1. A long narrow furrow or channel.
a. The spiral track cut into a phonograph record for the stylus to follow.
b. Informal An interesting or enjoyable rhythm in a piece of music, especially in jazz or popular music.
c. Informal A settled routine: got into the groove of a nine-to-five job.
a. A situation or an activity that one enjoys or to which one is especially well suited: found his groove playing bass in a trio.
b. A very pleasurable experience.
v. grooved, groov·ing, grooves
1. To cut a groove or grooves in.
2. Baseball To throw (a pitch) over the middle of home plate, where it is likely to be hit.
a. To take great pleasure or satisfaction; enjoy oneself: just sitting around, grooving on the music.
b. To be affected with pleasurable excitement.
2. To react or interact harmoniously.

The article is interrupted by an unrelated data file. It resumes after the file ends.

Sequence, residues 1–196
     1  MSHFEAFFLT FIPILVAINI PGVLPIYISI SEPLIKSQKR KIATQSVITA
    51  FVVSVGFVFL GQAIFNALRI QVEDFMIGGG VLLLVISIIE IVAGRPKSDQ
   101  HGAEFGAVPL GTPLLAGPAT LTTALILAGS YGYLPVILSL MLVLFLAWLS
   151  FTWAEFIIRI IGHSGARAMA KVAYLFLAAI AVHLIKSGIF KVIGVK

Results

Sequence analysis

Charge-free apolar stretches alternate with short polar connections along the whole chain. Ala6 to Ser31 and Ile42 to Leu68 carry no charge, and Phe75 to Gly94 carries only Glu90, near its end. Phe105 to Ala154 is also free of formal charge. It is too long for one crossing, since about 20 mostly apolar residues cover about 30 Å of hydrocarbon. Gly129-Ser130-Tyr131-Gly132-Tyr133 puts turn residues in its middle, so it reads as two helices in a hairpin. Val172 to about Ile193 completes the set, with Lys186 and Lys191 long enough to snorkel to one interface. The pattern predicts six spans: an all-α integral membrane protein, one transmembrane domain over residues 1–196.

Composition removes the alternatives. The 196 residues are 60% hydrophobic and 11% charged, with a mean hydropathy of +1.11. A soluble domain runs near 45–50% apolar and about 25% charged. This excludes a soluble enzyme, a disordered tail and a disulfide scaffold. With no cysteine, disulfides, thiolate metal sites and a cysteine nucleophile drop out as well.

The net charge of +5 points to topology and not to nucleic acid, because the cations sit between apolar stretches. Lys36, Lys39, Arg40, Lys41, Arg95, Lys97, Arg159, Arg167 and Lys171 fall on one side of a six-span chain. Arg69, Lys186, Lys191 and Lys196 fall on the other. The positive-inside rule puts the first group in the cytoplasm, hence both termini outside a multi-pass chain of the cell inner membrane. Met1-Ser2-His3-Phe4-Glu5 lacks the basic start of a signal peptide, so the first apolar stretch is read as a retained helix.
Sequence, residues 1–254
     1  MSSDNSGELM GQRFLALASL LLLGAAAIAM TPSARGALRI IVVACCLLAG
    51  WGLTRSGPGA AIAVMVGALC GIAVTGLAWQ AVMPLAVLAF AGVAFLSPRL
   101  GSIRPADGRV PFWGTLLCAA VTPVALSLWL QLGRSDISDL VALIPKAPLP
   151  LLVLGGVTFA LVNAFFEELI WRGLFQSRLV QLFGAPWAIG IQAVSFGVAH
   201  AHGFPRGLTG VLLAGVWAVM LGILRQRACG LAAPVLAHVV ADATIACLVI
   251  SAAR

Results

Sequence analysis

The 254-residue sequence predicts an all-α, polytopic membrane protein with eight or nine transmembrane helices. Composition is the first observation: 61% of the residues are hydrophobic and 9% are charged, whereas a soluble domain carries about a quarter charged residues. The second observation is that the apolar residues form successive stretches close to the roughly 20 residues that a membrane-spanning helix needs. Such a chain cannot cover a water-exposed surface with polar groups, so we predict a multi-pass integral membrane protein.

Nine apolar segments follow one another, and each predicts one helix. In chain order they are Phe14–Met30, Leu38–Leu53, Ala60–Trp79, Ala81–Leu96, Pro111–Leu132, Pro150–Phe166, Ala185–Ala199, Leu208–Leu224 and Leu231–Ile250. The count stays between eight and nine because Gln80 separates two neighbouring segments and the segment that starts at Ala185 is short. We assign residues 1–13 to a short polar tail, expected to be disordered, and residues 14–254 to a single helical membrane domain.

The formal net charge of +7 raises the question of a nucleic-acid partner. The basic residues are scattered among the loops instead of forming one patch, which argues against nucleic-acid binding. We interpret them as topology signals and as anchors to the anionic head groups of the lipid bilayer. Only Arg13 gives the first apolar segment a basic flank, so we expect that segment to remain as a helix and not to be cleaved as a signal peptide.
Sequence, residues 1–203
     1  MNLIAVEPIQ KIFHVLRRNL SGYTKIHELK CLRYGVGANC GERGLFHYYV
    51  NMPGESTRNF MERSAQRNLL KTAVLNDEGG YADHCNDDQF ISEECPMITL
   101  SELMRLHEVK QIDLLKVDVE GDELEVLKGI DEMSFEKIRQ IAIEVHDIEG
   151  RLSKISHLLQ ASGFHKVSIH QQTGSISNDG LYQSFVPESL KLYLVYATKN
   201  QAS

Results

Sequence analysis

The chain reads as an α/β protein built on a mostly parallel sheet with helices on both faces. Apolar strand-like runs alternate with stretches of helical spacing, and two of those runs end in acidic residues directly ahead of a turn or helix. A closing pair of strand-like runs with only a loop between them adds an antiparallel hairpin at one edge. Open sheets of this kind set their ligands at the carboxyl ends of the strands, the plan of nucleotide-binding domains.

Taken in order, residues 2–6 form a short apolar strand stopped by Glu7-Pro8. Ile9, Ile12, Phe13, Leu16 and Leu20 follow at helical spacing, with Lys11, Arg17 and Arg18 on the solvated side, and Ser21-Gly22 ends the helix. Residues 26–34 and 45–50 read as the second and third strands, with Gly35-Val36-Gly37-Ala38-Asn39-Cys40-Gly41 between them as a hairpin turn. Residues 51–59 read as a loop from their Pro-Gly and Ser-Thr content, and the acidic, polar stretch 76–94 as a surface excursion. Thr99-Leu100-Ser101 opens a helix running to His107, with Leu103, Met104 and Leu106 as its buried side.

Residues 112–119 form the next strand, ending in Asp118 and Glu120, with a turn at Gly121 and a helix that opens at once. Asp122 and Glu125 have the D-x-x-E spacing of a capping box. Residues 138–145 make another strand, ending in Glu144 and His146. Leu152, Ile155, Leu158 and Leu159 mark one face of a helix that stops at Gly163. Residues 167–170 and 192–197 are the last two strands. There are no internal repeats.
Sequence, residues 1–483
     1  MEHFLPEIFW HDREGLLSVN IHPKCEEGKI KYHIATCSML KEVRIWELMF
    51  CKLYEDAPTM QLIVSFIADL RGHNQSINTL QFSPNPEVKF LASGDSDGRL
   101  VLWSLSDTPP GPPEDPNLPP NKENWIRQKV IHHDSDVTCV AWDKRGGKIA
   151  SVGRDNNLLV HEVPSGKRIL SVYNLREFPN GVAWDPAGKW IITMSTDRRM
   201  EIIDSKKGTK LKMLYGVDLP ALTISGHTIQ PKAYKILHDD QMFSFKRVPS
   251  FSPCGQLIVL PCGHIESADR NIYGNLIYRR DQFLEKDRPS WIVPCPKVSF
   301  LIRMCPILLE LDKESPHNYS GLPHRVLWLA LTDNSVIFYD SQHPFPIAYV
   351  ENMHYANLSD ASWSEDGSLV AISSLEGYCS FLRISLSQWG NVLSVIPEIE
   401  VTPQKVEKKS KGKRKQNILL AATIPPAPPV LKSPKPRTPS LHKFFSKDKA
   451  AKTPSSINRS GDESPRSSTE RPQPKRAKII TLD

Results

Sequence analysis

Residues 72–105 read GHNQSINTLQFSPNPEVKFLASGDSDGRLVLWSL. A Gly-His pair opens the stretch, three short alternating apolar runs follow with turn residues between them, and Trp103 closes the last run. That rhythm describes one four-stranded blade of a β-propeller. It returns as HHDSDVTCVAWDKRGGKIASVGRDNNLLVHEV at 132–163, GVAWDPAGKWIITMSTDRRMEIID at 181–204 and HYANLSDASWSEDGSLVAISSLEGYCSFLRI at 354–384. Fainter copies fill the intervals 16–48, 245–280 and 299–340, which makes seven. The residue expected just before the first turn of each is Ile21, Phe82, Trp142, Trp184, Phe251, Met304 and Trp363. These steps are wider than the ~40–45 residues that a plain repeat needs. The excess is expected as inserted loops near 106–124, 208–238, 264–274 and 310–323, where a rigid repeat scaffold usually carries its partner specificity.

in the grooveSlang
Performing exceptionally well.
[Middle English groof, mining shaft, probably from Middle Dutch groeve, ditch; see ghrebh-2 in the Appendix of Indo-European roots.]
The American Heritage® Dictionary of the English Language, Fifth Edition copyright ©2020 by Houghton Mifflin Harcourt Publishing Company. All rights reserved.
Indo-European & Semitic Roots Appendices
Thousands of entries in the dictionary include etymologies that trace their origins back to reconstructed proto-languages. You can obtain more information about these forms in our online appendices:
The Indo-European appendix covers nearly half of the Indo-European roots that have left their mark on English words. A more complete treatment of Indo-European roots and the English words derived from them is available in our Dictionary of Indo-European Roots.